Angina pectoris


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Angina pectoris

  1. 1. Definition: Angina pectoris is a clinical syndrome, usuallycharacterized by episodes or paroxysms of pain or pressure inthe anterior chest. The cause is causually insufficient coronaryblood flow. • Angina is a common manifestation of CHD. • Angina can also occur in clients with normal-coronary arteries, but it is less common. • Clients with aortic stenosis, hypertension, and hypertropic cardiomyopathy can also have Angina pectoris
  2. 2. Types of Angina: • Stable Angina • Unstable Angina • Intractable or refractory angina. • Variant Angina. • Silent ischemia.
  3. 3. Etiology: 1) Physical exertion : Walking outdoors is the most common form of the exertions, that produce an attack. Isometric exertion of the arms as on raking leaves, painting of lifting heavy objects also causes exertional angina 2) Strong emotions: Stimulate the sympathetic nervous system and increase the work of the heart. This result in an increase in HR, BP and myocardial contractility.
  4. 4. 3) Temperature extremes: It may be either hot or cold, increases the workload of the heart. • Blood vessels constricts  in Response to cold climate. • Blood vessel dilate  hot stimulus Cold weather also cause increased metabolism to maintain internal temperature regulation.4) Cigarette Smoking: causes vasoconstruction and an increased HR because of nicotine stimulations of the catecholamine releases. It also diminishes available oxygen by increasing level of carbon monoxide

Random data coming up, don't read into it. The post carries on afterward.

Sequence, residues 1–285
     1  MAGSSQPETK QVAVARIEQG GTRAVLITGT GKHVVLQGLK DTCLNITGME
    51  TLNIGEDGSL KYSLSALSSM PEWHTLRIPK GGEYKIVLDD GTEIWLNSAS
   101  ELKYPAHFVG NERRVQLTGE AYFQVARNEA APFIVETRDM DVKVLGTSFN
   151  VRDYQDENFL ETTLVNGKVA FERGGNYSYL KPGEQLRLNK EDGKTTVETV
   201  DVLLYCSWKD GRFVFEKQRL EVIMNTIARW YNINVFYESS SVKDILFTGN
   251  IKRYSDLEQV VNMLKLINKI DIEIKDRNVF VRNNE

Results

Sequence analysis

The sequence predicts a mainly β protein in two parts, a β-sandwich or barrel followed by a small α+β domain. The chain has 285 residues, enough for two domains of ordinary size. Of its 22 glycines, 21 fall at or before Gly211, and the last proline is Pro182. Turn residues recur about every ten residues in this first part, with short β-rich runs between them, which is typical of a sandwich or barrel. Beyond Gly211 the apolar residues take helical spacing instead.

5. 5. 5) Sexual Activity: increase the work load and sympathetic stimulation. In a person with severe CAD, the resulting extra workload of the heart may precipitate angina6) Stimulants: Such as cocaine, cause increased HR and subsequent myocardial demand. Stimulation of catecholamine release is the precipitating Factor
  6. 6. Clinical Manifestations: Characteristics of Angina: Angina is a clinical syndrome characterized by discomfort in the chest, Jaw, shoulder, back or arm. Angina pectoris produce transient paroxysmal attacks of substernal or precordial pain with the following characteristics. Onset – Angina can develop quickly or slowely. Location: Nearly 90% of clients experience the pain as retrosternal or slightly to the left of the sternum
  7. 7. Radiation: The pain usually radiates to the left shoulder and upper arm, and may then travel down the inner aspect of the left arm to the elbow, wrist and Fourth and Fifth fingers. The pain may also radiate to the right shoulder, neck, Jaw or epigastric region.Duration: Angina usually last less than 5 minutes.However, attack precipitated by a heavy meal orextreme angor may last 15 to 20 minutes.
  8. 8. Sensation: Clients describe the pain of angina assqueezing, burning, pressing, choking, aching orbursting pressure. The clients often says the painfeels like gas, heart burn, or indigestion.Severity: The pain of angina is usually mild ormoderate in severity. It is often called“discomfort”, not “pain”. Rarely is the paindescribed as “severe”
  9. 9. Associated characteristics: other manifestationthat may accompany the pain includes:• Dyspnea.• Pallor• Sweating• Faintness• Palpitations.• Dizziness.• Digestive disturbances.